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Raffi v. University At Buffalo

July 28, 2012


The opinion of the court was delivered by: William M. Skretny Chief Judge United States District Judge



Plaintiff Raffi Barsoumian, M.D., commenced this action in November 2006 seeking injunctive relief and damages for Defendants' failure to reinstate him in a medical residency program after he successfully grieved the non-renewal of his employment agreement. In a March 19, 2012 Decision and Order, this Court denied the Motion for Summary Judgment of Defendant University Medical Resident Services, P.C. ("UMRS") and granted in part and denied in part the Motion for Summary Judgment of Defendants Roseanne Berger, M.D., and James Hassett, M.D. This Court also granted in part Plaintiff's Motion for Partial Summary Judgment, specifically ordering that Defendants reinstate Plaintiff as a third-year resident on probation. Pending before this Court is Plaintiff's Motion for Reconsideration and/or Clarification of this prior order.*fn1


Briefly, Plaintiff was admitted to the Surgical Residency Program of University at Buffalo, the State University of New York School of Medicine and Biomedical Science, in March 2002. (Complaint, Docket No. 1-4, ¶¶ 22-23; Declaration of James Hassett, M.D., Docket No. 80, ¶ 9). In June 2004, shortly after the commencement of Plaintiff's third year in the program, Plaintiff was placed on probation for six months as a result of his "continued unprofessional behavior." (Hassett Decl. ¶¶ 18, 20-21; Compl. ¶ 43). While on probation, Plaintiff received unsatisfactory evaluations on two of his trauma rotations at Erie County Medical Center Corporation ("ECMC"), and various additional concerns were raised throughout the probationary period by faculty regarding Plaintiff's professionalism, clinical ability, and honesty. (Hasset Decl. ¶ 25-35, Ex. D; Compl. ¶ 44). Nonetheless, Plaintiff was taken off probation and restored to "good standing," purportedly due to his completion of the educational enhancement process. (Hasset Decl. ¶ 36 Ex D.; Pl's St. Undisputed Facts ¶ 30). Days later, by letter dated January 18, 2005, Defendant James Hassett, M.D., the Residency Program Director, informed Plaintiff that he would be recommending termination of Plaintiff's training at the end of the academic year because of the observations and concerns of the faculty. (Hassett Decl. ¶¶ 1, 37; Pl's St. Undisputed Facts ¶ 31-35).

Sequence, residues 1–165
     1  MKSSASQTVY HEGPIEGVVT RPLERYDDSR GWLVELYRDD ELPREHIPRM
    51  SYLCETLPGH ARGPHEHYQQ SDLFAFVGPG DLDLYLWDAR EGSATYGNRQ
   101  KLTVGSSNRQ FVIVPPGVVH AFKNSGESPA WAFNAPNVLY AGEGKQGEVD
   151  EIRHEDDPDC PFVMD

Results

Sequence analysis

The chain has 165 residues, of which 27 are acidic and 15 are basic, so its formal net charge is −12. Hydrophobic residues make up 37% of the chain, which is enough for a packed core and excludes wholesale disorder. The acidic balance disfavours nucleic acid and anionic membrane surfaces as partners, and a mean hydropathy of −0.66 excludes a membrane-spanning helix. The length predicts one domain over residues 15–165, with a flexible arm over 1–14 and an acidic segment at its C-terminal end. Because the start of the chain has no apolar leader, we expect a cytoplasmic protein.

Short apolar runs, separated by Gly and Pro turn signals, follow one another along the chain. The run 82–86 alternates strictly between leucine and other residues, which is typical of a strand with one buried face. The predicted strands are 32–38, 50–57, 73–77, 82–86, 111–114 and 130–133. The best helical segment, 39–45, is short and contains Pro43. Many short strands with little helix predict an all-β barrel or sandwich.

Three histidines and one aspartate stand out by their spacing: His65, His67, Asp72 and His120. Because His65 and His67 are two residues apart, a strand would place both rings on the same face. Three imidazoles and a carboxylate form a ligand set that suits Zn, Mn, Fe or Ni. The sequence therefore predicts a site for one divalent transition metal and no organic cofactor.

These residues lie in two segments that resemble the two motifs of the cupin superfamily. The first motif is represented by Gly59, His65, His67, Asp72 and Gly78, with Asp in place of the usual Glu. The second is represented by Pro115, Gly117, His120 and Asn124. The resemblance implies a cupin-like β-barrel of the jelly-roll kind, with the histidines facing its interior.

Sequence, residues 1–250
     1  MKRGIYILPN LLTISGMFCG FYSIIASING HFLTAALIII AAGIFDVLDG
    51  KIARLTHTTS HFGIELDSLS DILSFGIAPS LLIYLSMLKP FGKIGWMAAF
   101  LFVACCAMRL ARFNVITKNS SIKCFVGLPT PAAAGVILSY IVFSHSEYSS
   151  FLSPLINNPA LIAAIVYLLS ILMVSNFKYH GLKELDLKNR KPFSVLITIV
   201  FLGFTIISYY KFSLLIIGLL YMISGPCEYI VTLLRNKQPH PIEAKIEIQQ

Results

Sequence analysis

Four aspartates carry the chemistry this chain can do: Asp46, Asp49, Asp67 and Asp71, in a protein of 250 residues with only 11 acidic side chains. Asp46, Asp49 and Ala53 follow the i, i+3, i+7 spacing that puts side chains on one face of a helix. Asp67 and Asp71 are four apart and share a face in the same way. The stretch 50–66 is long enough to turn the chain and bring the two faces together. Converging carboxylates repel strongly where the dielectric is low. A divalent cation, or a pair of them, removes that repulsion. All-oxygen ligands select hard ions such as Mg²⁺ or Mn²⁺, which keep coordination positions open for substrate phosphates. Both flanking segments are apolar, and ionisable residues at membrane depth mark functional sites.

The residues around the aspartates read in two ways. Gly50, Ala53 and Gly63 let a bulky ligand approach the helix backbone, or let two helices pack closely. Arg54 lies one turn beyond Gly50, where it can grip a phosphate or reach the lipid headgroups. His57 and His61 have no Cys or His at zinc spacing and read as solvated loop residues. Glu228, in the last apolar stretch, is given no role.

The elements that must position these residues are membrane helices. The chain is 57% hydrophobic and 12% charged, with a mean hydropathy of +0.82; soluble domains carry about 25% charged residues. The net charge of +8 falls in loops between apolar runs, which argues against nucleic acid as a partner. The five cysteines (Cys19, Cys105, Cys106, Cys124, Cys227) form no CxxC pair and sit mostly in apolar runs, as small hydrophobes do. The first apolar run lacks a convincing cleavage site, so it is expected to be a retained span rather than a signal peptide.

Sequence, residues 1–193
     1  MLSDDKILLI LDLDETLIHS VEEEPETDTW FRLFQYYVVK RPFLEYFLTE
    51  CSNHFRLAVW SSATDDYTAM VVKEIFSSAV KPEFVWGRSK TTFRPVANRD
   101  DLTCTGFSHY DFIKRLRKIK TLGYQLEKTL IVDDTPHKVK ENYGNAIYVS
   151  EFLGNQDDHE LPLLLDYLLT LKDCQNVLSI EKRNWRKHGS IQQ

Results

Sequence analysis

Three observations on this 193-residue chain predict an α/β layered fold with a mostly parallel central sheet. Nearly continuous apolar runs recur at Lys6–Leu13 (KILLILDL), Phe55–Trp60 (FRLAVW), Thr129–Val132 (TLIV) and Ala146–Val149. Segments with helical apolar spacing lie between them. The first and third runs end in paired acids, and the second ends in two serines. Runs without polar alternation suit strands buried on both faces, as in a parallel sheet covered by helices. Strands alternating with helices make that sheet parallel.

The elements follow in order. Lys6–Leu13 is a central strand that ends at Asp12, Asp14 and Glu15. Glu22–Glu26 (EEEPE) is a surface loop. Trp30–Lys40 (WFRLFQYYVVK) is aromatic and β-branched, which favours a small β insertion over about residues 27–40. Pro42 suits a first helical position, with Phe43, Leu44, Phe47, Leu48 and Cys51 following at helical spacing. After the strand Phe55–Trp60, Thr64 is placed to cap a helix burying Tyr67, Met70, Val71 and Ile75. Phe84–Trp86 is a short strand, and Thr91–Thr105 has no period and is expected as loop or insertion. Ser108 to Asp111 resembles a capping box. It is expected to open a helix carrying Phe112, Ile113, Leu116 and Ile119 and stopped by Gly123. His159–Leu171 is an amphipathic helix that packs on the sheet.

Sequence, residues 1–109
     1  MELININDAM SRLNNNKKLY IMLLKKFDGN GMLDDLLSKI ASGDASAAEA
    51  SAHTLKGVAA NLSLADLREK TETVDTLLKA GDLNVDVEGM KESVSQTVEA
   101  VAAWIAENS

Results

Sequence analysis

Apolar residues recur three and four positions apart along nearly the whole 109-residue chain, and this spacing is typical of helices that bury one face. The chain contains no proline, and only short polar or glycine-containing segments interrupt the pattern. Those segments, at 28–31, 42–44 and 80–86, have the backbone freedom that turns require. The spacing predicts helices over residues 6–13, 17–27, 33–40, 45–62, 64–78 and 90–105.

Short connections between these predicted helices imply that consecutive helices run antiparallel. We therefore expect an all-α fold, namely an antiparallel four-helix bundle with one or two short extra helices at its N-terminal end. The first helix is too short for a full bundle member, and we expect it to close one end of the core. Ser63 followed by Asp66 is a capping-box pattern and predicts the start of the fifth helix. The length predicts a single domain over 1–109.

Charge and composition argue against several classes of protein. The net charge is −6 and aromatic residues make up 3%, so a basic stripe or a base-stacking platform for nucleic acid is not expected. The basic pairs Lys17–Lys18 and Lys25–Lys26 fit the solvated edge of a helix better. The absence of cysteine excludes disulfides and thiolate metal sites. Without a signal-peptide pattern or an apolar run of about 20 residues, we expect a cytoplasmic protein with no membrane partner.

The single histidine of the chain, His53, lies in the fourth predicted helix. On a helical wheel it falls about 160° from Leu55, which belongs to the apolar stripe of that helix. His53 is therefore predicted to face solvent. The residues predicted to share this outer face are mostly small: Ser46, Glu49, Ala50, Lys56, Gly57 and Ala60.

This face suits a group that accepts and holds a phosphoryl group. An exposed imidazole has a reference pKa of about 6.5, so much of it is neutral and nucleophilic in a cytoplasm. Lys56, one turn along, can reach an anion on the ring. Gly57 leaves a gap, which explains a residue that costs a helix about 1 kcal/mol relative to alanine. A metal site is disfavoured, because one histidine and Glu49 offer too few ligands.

Plaintiff requested and was granted a Level III review of the non-renewal decision, and a hearing was held on October 31, 2005. (Compl. ¶ 68; Hassett Decl. ¶ 49). During the hearing, the Level III Grievance Committee questioned why Plaintiff was determined to have successfully completed probation when he received two unsatisfactory evaluations. (Hassett Decl. Ex. OO, Docket No. 80-2 at 213-216). As reflected in the grievance decision, Hassett asserted that this was done to allow Plaintiff to apply to other programs while completing his third year in good standing. (Hassett Decl. Ex. OO). The Level III Committee found that because Plaintiff's "removal from probation could reasonably be construed to imply that [Plaintiff] successfully remediated all issues, . . . the decision[] to then notify him of a non-renewal of his contract [was] inappropriate." (Id.). Although "the process of non-renewal decision making was flawed," the committee noted that its decision did not "imply, in either a positive or negative fashion, that the information contained within [Plaintiff's] file regarding [his] professionalism either supports or negates this conclusion." (Id.).

Plaintiff was restored to payroll in November 2005 and received back pay from June 2005. (Compl. ¶ 71; Hassett Decl. ¶ 50). Plaintiff was never returned to residency training, however, and on July 26, 2006, he was removed from UMRS payroll. (Pl's Statement Undisputed Facts ¶ 64). Plaintiff commenced the instant action in New York State Supreme Court, Erie County, alleging, among other things, that Defendants Berger and Hassett deprived him of his Fourteenth Amendment Due Process rights in violation of 42 U.S.C. § 1983, and that Defendant UMRS breached the employment agreement. (Compl. ¶¶ 80-120). Following the recent summary judgment motions, this Court determined that Plaintiff was entitled to partial summary judgment with respect to the breach of contract claim against UMRS and the § 1983 claim against the individual defendants in their official capacity, and ordered that Plaintiff be reinstated in the residency program.


In his motion for reconsideration or clarification, Plaintiff requests that the Court set a date certain by which time Defendants must have reinstated Plaintiff to his residency, and that the Court reconsider the order that this reinstatement be to a probationary status. Plaintiff further requests that a hearing on monetary damages, an issue left open in the prior order, be scheduled and that he be granted permission to file an interlocutory appeal with respect to the Court's ruling that Defendants Hassett and Berger were entitled to qualified immunity.

The decision to grant or deny a motion for either reconsideration or clarification is within the sound discretion of a district court judge. Salamon v. Our Lady of Victory Hosp., __ F.Supp.2d __, 2012 WL 1119750, *13 (W.D.N.Y. 2012); American ORT, Inc. v. ORT Israel, No. 07-CV-2332, 2009 WL 233950, *3 (S.D.N.Y. Jan. 22, 2009). "[R]econsideration will generally be denied unless the moving party can point to controlling decisions or data that the court overlooked-matters, in other words, that might reasonably be expected to alter the conclusion reached by the court." Shrader v. CSX Transp., Inc., 70 F.3d 255, 257 (2d Cir.1995). Notably, the only issue on which Plaintiff actually asks this Court to change a prior ruling is that part of the reinstatement order requiring Plaintiff to be placed on probation.